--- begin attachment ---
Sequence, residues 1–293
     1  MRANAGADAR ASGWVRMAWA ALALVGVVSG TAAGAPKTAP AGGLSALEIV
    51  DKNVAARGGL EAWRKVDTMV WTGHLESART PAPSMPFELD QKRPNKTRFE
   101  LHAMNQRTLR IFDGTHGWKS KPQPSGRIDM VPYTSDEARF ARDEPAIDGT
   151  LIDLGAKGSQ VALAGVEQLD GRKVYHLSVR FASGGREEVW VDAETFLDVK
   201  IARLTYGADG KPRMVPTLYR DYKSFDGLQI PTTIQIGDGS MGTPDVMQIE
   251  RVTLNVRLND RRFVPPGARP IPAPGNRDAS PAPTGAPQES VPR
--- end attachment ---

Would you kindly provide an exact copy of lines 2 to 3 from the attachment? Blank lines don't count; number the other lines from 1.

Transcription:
     1  MRANAGADAR ASGWVRMAWA ALALVGVVSG TAAGAPKTAP AGGLSALEIV
    51  DKNVAARGGL EAWRKVDTMV WTGHLESART PAPSMPFELD QKRPNKTRFE